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Power outage

Power outages are usually of short-lived. In case of long power outages, the inconveniences can be more severe during the cold months.

What should you do when you have a power outage for a few hours or several days?

How to prepare for a power outage

Keep the following in a safe place at home: 

  • A flash light and replacement batteries;
  • Candles, a lighter or matches, a fondue warmer, as well as the recommended fuel.
  • If you have a wood stove or a fireplace, have enough supply of the required fuel. Install a carbon monoxide detector and check it regularly to ensure that it is working well.

What to do during a power outage

Stay current with the news (radio or Internet 3G) 

  • Turn down the thermostats to the minimum.
  • Disconnect all electrical or electronic devices and leave only one lamp per floor in order to avoid a voltage surge when power is restored.
  • Do not open the door of the refrigerator or freezer unnecessarily, in order to allow food to be preserved for 2 to 8 hours.
  • Unless advised otherwise by the municipality, leave a jet of water to flow constantly and flush the toilet a few times during the day in order to avoid the freezing of pipes.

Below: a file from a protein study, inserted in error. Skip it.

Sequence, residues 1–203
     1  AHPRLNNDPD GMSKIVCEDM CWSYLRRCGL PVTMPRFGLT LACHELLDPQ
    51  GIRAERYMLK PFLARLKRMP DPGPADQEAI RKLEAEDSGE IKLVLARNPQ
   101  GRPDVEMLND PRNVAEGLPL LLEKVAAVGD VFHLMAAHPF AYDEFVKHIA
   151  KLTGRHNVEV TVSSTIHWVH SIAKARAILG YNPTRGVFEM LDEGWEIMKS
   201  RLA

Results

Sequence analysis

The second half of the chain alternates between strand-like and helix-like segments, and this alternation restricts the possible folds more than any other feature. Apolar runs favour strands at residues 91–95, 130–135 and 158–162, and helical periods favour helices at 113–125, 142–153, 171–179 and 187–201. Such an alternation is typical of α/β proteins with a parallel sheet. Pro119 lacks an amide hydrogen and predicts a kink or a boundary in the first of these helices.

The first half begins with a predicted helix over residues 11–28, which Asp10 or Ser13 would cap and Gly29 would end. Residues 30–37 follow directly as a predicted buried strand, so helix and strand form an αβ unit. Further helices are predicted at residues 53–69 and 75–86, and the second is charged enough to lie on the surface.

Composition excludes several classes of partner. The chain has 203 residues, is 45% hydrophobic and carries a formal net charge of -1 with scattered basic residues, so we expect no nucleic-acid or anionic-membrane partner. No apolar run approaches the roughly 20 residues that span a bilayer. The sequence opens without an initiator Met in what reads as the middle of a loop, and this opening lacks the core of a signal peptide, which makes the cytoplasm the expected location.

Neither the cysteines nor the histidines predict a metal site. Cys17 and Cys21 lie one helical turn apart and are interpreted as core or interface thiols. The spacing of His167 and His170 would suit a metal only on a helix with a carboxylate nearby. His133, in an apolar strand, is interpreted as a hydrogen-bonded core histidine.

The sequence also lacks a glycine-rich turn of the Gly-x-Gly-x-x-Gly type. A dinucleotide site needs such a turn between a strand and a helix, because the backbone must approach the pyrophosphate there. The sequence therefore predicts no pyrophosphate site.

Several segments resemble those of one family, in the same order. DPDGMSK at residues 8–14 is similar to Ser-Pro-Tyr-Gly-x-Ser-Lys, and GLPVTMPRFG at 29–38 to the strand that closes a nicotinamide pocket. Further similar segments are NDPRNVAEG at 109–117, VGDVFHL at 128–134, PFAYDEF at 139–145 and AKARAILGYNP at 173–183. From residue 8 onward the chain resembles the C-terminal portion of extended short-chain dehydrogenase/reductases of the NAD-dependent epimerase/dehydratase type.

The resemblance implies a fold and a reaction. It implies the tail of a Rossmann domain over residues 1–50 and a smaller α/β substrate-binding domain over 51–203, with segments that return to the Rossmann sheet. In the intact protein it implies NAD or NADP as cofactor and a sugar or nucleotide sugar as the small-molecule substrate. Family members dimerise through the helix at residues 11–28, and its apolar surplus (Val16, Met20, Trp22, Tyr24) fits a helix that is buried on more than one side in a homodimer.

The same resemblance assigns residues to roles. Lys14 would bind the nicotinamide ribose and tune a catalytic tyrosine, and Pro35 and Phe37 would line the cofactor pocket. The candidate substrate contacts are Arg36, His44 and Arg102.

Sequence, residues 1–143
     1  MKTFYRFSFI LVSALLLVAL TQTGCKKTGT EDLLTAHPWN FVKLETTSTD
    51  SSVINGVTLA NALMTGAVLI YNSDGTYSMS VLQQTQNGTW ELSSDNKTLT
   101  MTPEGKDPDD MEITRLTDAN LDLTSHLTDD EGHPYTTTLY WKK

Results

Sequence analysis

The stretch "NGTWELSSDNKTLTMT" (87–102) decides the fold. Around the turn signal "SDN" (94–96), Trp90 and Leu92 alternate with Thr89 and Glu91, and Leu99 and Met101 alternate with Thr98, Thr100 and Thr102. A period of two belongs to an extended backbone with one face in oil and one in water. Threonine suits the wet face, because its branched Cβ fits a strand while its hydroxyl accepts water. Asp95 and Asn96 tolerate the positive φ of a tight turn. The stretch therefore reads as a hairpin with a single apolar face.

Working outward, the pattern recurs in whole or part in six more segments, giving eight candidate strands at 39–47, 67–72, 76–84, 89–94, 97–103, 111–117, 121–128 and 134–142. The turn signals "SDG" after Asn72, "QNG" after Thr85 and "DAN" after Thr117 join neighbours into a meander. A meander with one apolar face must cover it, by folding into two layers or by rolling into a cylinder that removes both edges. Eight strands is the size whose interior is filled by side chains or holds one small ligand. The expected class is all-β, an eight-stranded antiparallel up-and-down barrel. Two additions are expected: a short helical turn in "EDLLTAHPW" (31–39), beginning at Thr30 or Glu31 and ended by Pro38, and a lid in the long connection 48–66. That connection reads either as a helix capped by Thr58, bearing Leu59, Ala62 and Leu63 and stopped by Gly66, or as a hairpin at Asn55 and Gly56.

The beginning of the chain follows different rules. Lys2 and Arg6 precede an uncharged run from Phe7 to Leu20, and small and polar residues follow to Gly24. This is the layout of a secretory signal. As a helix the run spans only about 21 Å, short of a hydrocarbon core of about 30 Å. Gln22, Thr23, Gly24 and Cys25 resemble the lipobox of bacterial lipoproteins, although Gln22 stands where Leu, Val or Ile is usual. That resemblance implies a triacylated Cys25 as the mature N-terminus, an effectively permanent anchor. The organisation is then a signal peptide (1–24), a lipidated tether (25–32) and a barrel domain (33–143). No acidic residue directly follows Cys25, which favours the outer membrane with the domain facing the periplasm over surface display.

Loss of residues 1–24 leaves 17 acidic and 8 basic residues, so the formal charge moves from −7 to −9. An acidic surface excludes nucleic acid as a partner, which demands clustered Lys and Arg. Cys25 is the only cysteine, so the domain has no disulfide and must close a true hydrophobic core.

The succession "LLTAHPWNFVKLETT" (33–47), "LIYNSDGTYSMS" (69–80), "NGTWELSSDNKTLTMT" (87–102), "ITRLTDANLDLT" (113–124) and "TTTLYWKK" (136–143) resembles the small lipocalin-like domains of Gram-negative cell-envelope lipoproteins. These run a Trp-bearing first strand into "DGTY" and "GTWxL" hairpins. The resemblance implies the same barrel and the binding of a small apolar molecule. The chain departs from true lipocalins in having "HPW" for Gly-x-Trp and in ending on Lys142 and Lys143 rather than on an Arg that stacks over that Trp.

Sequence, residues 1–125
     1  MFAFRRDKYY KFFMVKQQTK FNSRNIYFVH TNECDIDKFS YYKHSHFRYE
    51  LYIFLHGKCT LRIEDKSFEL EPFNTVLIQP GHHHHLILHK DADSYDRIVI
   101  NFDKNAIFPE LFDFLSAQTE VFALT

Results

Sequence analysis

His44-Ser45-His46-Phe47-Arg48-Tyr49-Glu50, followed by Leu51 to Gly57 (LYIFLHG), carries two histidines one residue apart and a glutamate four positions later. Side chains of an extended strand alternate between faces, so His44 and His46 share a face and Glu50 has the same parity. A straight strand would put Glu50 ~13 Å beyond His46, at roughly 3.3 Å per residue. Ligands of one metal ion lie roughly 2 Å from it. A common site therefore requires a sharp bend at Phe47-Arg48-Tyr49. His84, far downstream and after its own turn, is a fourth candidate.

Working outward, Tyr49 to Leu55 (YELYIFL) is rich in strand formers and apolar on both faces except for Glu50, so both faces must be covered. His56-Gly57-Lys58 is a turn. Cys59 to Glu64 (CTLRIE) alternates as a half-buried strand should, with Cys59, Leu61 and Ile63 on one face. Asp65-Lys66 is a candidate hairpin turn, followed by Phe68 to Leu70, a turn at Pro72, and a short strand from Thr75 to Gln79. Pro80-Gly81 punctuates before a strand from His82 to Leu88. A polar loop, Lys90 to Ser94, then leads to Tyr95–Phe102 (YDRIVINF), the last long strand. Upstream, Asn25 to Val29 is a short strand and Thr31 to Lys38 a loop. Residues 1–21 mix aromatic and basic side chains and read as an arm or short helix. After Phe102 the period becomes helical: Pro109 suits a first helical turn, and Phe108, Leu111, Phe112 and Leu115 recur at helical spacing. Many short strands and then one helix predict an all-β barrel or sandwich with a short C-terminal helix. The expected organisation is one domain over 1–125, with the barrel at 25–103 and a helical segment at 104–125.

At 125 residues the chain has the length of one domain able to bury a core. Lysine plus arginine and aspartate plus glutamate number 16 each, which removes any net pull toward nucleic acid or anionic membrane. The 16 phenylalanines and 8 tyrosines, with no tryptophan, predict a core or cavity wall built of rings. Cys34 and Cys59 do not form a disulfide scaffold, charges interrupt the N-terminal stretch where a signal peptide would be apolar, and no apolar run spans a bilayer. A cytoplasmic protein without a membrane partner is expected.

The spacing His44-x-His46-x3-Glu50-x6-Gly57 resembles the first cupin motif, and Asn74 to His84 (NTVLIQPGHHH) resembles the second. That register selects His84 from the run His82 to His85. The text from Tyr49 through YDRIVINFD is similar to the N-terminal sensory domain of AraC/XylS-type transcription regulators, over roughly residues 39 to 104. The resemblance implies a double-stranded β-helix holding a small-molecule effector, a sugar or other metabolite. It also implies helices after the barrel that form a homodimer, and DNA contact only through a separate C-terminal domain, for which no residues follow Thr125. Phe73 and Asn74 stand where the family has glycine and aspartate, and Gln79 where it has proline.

• If you have an auxiliary heating device, turn it on before your house gets too cold.

Watch out...

The following devices should never be used indoors: heating devices, lighting devices, or outdoor stoves meant for camping such as charcoal or propane barbecues, camping heaters or propane stoves.

What to do when power is restored

 

  • Ensure that the water heater is full before restoring power.
  • Restore power by turning on the main switch.
  • Open the water main and the taps to let air escape.
  • Do not turn on the gas yourself; this should be done by a specialist.

 

Be careful about food poisoning!

 

  • Ensure that food in the fridge or freezer is fresh:
  • Throw away perishable food items (dairy products, meats, chicken, fish, eggs, etc.) that have been exposed to a temperature of more than 4 °C for more than two hours.
  • Throw away food that show signs of deterioration, such as fungi or bad odours.
  • Never re-refrigerate food that has been unfrozen. Partially unfrozen foods (presence of frost on the surface of the packaging) can be re-frozen.

 

Most home insurance policies include special coverage for loss of food that is stored in the freezer.

For more information, visit http://www.getprepared.gc.ca/

Dernière mise à jour: 2015-07-28 10:10